The majority of undergraduate and postgraduate translation programmes include a compulsory translation element as part of the training. In addition to this, training in Computer-Assisted Translation (CAT) tools is frequently part of the postgraduate curriculum. However, these two components tend to be taught separately, one being seen as a linguistic task, while the other a technical one. Our current article suggests a framework where formative student translation feedback could be integrated in and supported by a functionality offered by several CAT tools, which allows the semi-automatic identification, annotation and tracking of translation errors. Depending on the CAT tool used, this functionality can be found under the name of Linguistic Quality Assurance (LQA) for users of the memoQ CAT tool, or Translation Quality Assessment (TQA) for users of SDL Trados Studio. Used creatively, this functionality can enable translation trainers not only to automate the detection and tagging of certain translation errors, but also the creation of a translation evaluation corpus – also known as a ‘learner corpus’ and representing a collection of corrected and annotated translations – which could be analysed per student or per cohort. The use of such corpora is still rare in translation studies research, as well as translation training, mainly because of the difficulty associated with their compilation; their benefits, however, include the possibility of identifying patters in student translation choices early on during training courses, thus subsequently enabling trainers to implement corrective actions in a more timely and structured manner.
In the words of Doherty (2016:131), ‘Translation quality assessment (TQA) is crucial to formative assessment for translators in training, for professional certification and accreditation, and for recruitment and screening of translators.’ At the same time, ‘trying to apply quality control to intellectual output such as translation is difficult and encounters significant resistance among practitioners’ (Samuelsson-Brown, 2006:42). While on the one hand, trainees cannot progress without meaningful feedback; on the other hand, the manner, consistency and user-friendliness of this feedback are also vital in the training of future translators.
The evolution from general qualitative evaluations of translations to more detailed, quantitative methods was a welcome development which has brought translation training closer to industry translation evaluation methodologies, and nowadays numerous training programs evaluating student translations are using error-type categories for consistency and efficiency purposes. While it is undoubtedly a step in the right direction, more can be done in order to streamline the evaluation process. At the moment, the annotation of the errors made by students still tends to be done in a Word document, which requires assessors first to remember by heart and write redundantly throughout the document the error typology labels, and secondly to add up at the end of the evaluation the numbers of errors made in each category and sub-category. In some training contexts one further evaluation sheet is created for each student with data centralised to various degrees of reliability, which is used outside the specific translation assessment and which invariably requires constant reference back to the assessed translation for context purposes. This practice is prone to human error, as well as more complicated to implement in cases where the error categories are organised on multiple levels and sub-levels, and they are also differentiated according to their severity.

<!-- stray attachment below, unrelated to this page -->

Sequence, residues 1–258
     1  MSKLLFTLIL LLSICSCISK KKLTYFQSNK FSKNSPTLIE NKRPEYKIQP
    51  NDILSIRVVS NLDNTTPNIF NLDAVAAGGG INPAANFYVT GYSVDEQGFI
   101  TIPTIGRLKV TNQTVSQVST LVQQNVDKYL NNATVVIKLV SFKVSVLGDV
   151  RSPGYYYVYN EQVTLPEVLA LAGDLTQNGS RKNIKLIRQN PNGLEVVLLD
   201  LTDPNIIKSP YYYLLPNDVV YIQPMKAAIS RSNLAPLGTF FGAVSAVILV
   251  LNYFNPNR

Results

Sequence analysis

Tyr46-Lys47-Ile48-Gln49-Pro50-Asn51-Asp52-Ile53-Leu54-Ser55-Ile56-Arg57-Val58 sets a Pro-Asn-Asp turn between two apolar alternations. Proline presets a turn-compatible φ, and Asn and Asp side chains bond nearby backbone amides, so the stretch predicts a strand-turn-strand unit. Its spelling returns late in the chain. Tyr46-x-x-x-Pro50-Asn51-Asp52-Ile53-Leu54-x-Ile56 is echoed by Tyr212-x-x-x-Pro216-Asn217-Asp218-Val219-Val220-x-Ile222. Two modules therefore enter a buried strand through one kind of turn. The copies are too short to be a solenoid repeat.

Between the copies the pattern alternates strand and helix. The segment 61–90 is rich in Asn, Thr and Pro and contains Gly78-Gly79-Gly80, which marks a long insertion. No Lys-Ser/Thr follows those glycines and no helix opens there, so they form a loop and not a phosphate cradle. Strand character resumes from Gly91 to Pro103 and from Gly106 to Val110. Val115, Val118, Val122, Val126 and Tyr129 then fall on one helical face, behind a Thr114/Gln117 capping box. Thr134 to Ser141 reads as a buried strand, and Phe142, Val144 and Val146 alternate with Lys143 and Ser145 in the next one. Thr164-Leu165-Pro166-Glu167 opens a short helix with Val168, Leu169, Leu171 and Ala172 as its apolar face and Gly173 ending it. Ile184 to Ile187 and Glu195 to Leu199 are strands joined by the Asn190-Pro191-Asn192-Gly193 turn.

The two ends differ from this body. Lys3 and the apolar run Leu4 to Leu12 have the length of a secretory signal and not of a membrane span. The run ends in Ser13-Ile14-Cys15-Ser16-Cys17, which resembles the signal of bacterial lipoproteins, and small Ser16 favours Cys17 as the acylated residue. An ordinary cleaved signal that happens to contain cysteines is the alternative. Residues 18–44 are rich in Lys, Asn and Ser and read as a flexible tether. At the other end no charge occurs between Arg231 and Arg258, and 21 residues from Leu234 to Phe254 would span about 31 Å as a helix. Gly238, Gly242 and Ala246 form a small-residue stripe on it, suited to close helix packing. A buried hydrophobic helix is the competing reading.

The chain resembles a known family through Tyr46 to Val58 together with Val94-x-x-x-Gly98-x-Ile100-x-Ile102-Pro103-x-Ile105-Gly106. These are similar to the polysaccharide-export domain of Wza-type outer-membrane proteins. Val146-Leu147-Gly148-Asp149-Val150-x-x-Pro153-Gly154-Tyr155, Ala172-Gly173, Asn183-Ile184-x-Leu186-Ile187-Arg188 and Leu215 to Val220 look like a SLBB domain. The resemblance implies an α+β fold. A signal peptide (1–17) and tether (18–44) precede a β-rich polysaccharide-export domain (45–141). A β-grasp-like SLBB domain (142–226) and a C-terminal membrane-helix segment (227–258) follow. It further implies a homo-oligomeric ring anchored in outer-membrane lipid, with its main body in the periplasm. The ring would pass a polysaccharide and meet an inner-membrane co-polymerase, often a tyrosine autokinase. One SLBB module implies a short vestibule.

Doherty (2016) highlights the need to approach TQA in a more objective, empirical manner and move away from a subjective analysis of linguistic features only. Reiss (2000) also supports the view that evidence-based TQA would be a good pedagogical tool for both evaluators and translators themselves. Collecting data on evaluations and then mining this data according to the error categories the trainers and trainees want to focus on at particular times would indeed offer a more methodologically-valid approach to translation training. We share this view, and the current paper will focus on using CAT environments for more efficient translation quality assessment. Adopting CAT tools as part of traditional translation classes will both bridge the gap between training and industry by familiarising students with current industry translation evaluation practices, and will also assist with the design and analysis of formative assessment that could guide the learning of not only one student, but of whole cohort of students.
While in the Translation Studies literature, it very often looks like evaluation is the final step in a process; in other domains such as Machine Translation (MT), the evaluation is often part of a larger framework and therefore it is built in from the beginning with the idea of supporting a more complex process (Doherty, 2016:133). The framework we are suggesting would imply the trainers either adopting an existing industry translation evaluation framework, or re-creating and using inside a CAT tool their favourite error typology. To make the training process more transparent and meaningful, this framework should also be shared with the students from the beginning of the translation process, progress against all error categories should be regularly tracked at both individual and group level, and students should be trained to use this very same industry-driven evaluation methodology when self- and peer-assessing translation output. Moreover, instead of proceeding with training activities and source text selected intuitively by the trainer, the regular TQA reports should influence the creation of customised training resources based on areas where the data indicates that students need more practice.